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file object used in paging write is for a deleted name

milosdmilosd Member Posts: 4

I'm filtering writes and need to record what name a write is made with. In my test case, a new stream is created then a couple of hard links are created. A delete is performed using the first name. A write is made using the second hard link. The problem is that if the write is cached, the file object passed to the pre and post-write callbacks is for the first name. I need to reflect the actual name used for the write but I'm not sure how to get the "correct" file object. Non-cached writes aren't a problem.

I know how the cache manager initiates caching so I'm looking for a way to get around the annoying behavior of receiving the original file object and get the one used in the write so I can resolve the correct name. In my application, the name is imperative for proper operation and verification.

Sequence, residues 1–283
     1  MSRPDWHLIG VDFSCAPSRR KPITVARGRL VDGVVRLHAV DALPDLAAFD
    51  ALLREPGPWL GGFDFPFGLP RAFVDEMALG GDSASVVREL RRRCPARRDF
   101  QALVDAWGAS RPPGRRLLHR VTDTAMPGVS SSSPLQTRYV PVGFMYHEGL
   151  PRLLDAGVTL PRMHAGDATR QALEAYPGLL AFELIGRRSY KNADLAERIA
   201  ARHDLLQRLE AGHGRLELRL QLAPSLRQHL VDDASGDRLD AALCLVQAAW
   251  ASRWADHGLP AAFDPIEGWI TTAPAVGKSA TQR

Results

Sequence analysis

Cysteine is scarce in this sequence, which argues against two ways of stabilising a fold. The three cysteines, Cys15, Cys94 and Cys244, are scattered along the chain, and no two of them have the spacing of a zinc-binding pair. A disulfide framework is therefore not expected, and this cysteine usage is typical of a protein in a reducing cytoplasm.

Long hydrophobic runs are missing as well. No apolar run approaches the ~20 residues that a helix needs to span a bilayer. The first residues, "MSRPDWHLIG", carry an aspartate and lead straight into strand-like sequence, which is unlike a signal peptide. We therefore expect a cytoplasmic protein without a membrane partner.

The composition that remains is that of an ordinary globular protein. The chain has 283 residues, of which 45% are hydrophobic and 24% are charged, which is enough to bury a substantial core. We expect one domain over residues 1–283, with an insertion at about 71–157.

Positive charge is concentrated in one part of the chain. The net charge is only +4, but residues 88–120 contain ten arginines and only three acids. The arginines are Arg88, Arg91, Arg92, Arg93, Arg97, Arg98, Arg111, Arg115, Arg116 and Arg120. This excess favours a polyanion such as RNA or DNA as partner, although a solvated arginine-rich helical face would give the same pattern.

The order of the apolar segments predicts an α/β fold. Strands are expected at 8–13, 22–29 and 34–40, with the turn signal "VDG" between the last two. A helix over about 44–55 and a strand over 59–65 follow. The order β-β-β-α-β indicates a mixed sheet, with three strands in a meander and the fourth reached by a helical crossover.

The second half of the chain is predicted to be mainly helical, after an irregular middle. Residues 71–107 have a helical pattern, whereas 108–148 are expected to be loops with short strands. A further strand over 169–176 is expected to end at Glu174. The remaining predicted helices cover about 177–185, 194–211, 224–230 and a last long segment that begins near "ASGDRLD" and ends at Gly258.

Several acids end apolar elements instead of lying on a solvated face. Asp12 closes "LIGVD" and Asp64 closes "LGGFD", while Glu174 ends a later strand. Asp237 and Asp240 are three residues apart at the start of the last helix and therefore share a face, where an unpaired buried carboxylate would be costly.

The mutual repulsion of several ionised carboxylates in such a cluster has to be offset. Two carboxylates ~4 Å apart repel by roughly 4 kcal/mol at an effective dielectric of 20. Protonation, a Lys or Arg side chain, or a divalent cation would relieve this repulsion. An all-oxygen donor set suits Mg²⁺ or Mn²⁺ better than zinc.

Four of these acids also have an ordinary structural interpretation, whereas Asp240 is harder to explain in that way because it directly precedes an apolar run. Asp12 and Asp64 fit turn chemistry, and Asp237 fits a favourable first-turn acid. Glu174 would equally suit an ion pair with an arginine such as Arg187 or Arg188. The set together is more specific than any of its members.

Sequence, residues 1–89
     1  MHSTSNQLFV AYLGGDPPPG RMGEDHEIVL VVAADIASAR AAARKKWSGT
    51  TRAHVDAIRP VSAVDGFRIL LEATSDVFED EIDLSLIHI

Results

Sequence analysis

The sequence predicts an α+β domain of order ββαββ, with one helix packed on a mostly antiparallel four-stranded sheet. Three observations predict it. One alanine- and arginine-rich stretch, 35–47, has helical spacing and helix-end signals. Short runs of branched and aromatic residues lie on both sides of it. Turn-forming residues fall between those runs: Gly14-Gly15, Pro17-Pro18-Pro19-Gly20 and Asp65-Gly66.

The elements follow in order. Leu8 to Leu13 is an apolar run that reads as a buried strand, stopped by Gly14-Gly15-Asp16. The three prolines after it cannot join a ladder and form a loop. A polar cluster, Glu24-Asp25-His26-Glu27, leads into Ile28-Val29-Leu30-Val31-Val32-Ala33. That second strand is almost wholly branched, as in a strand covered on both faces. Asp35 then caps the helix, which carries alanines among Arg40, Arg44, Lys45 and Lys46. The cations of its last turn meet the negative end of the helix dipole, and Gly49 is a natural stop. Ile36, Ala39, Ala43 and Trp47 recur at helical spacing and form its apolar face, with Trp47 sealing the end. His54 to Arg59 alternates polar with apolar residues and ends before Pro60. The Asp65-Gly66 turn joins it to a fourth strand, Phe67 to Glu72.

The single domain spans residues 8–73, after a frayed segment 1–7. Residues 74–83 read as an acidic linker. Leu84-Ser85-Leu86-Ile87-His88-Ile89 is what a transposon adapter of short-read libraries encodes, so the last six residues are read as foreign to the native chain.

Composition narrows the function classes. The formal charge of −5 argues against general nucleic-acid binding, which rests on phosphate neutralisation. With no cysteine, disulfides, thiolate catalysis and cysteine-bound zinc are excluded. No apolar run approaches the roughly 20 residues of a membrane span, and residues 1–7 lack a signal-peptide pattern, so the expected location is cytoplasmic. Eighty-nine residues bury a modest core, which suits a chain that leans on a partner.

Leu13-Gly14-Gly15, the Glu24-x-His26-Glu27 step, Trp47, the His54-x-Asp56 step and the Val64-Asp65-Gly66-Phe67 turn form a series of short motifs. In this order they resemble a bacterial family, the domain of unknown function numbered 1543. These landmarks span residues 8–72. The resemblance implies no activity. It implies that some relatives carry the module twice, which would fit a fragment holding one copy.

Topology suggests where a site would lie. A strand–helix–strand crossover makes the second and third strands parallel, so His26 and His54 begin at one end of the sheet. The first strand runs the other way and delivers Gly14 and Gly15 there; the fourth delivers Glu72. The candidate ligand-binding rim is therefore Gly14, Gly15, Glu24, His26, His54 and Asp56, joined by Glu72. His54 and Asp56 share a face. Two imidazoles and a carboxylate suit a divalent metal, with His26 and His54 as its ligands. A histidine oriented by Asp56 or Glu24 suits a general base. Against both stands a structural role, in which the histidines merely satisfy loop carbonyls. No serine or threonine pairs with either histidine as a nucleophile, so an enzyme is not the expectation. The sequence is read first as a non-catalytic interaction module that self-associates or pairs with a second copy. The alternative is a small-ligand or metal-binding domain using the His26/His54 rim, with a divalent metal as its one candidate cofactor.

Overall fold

• rod_widdowsonrod_widdowson Member - All Emails Posts: 1,088

    I'm aware that this isn't the answer you need, but by the time that paging happens the name is completely irrelevant, therefore there can be no "proper operation or verification". You can open one link for read and one for write and the paging writes can happen to the read file object.

    If you really care you should be worrying about the cached and non buffered IO and section creation.

  • Peter_Viscarola_(OSR)Peter_Viscarola_(OSR) Administrator Posts: 7,515
    edited October 8

    In my application, the name is imperative for proper operation and verification

    What Dr. Widdowson said.

    I’m sorry to tell you that your design is faulty. That’s just not the way Windows works. If there are multiple writers to a cached file... and the data finally gets written to disk by Cc. who is then considered the writer?

    You could filter the individual user writes to the cache, but in that case... how will you account for (the commonly used) memory mapped I/O?

    Yeah... I’m afraid you’re in a bit of a bind. The best you can do is audit which files are opened for write access, and then note that they’ve been written. But you really can’t know who wrote what to a given file.


    Peter Viscarola

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